As a recruiter, I hate it when the person I assumed would land the role doesn’t get it. Early in my career, it was far more devastating than it is now. Not because I am numb to it, but because I understand a bit more now that we are dealing with the extremely subjective nature of human beings.
The candidate may have had an off day. They might not have shown up the way they would have if they had gotten more sleep or didn’t have a big meeting right after the interview.
The client may have been a bit off because they were distracted and trying not to worry about the layoffs that just happened earlier in the day. They have been doing interviews for weeks, and now that the layoffs are happening at the same time they are hiring, how will that come across to potential candidates?
The candidate might be great. The client might be amazing to work for, but neither saw the other at their best, and therefore it is a swing and a miss.
I suspect this is one of the biggest reasons that recruiters leave the industry. They may not understand that this is an extremely unfortunate fact in our world. People don’t always present themselves as well as they could to each other. We do it all day long with each other, and we don’t always have the added pressure of hiring or looking for a job.
What is the solution? There is no “single” solution, rather a few things that each party can do to help better their chances.
As a candidate:
- Make sure that the time you have selected to interview (typically, you are given options) is one that you can clear on your calendar of any added stresses.
- Prepare for the meeting by doing research on the company (know who they are, what their core business is, and how they make money), know who the people who will be interviewing are, to the degree that is shared – look them up on LinkedIn.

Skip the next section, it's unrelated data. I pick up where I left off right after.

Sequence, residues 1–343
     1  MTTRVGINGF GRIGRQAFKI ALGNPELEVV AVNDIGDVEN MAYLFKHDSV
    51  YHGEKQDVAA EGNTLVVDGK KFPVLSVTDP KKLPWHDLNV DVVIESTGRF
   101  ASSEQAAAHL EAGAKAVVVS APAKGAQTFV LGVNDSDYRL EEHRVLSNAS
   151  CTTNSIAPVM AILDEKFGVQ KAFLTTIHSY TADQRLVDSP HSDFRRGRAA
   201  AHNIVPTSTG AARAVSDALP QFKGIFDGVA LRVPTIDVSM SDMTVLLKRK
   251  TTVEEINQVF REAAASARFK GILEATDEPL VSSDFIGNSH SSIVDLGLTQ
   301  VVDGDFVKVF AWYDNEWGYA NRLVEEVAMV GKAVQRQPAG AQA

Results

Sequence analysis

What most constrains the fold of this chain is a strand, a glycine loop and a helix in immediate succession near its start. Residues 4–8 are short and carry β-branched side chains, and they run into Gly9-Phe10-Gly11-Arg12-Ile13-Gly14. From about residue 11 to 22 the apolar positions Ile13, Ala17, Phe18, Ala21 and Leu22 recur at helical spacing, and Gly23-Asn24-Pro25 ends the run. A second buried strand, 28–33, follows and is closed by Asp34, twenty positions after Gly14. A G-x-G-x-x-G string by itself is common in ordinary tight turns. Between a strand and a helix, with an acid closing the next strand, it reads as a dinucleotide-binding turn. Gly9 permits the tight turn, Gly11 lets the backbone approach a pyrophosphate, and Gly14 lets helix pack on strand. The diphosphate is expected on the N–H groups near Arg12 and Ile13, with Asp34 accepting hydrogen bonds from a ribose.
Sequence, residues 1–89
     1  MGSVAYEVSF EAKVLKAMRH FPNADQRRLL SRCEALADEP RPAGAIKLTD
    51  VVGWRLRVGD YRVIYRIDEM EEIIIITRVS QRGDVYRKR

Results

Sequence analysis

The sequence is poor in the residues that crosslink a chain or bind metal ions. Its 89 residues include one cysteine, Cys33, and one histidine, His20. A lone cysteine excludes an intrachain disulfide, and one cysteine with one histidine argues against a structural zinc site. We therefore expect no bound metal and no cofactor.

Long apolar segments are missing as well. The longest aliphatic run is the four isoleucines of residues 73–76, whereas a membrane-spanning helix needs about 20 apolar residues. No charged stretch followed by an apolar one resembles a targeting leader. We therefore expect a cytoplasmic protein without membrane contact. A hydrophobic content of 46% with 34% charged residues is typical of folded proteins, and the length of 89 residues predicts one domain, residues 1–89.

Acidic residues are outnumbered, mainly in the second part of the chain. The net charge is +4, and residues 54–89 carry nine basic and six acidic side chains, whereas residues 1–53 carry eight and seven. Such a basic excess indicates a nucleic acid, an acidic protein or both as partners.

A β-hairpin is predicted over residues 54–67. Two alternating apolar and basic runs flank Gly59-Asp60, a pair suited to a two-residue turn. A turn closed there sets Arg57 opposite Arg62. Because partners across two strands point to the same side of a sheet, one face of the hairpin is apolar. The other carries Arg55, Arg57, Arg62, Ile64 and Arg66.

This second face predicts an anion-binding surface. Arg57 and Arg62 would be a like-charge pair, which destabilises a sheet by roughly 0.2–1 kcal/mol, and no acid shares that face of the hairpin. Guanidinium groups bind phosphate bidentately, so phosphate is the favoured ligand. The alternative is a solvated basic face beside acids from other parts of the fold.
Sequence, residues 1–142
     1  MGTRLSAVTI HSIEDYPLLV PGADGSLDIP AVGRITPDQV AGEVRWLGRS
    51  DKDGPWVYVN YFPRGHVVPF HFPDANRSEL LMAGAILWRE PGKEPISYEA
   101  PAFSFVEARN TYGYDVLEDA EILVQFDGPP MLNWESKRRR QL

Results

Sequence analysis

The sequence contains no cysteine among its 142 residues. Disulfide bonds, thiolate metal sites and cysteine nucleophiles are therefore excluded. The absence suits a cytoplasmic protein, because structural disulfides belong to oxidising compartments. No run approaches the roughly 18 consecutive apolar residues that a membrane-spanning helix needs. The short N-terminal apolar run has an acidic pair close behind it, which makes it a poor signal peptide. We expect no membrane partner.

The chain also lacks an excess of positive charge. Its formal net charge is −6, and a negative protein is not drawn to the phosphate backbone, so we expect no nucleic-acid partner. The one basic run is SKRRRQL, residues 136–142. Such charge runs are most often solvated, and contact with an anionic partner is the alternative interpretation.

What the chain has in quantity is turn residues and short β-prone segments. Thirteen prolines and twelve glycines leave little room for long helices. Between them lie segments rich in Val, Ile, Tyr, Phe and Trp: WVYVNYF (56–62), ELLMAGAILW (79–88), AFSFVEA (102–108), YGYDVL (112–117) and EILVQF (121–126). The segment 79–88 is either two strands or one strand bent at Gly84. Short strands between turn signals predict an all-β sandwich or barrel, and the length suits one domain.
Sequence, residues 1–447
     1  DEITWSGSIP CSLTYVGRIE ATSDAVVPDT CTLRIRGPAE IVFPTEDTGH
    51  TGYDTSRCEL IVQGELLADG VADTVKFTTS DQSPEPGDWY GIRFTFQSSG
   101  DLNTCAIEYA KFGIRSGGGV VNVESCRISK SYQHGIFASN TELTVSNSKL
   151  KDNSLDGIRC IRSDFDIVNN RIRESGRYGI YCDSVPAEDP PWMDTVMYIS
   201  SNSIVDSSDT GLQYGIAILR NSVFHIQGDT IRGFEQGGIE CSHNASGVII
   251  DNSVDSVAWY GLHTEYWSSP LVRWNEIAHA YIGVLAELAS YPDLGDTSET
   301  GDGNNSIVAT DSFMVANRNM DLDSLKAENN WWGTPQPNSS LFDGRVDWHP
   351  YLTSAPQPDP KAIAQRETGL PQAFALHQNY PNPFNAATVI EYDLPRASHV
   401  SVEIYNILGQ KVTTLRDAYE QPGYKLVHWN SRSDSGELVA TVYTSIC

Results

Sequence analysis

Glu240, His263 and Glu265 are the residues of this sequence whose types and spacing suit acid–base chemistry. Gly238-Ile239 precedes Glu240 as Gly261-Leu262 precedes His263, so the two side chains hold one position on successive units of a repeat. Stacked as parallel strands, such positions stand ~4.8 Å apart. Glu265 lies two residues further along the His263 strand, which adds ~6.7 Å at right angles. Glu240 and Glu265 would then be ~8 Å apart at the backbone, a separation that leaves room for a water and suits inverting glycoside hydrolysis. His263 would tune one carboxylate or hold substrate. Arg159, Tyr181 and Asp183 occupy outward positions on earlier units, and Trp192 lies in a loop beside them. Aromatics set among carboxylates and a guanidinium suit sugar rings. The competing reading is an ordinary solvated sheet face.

- Have the job description in front of you and be ready to share why you believe you are a good fit for it.
- Have your resume in front of you and be prepared to walk the interviewer through it.
As an interviewer:
- Be prepared to field questions from the candidate and always leave plenty of time for that.
- Don’t assume that everyone wants to work there.
- Don’t assume that what the candidate has always done is what the candidate always wants to do.
- Check your biases and check them frequently. Ask others to join you if you think you can’t, and when that person shares their insight, go into active listening mode.
- Be honest. If you know your GlassDoor reviews suck, everyone else likely does as well. Talk about what you are specifically doing to address the issues and how this new person can help in that effort as well.
Recruiters will continue to hate it when people don’t get hired, but there are things within the control of the other two interested parties that can make life a whole lot easier for everyone involved in the hiring process.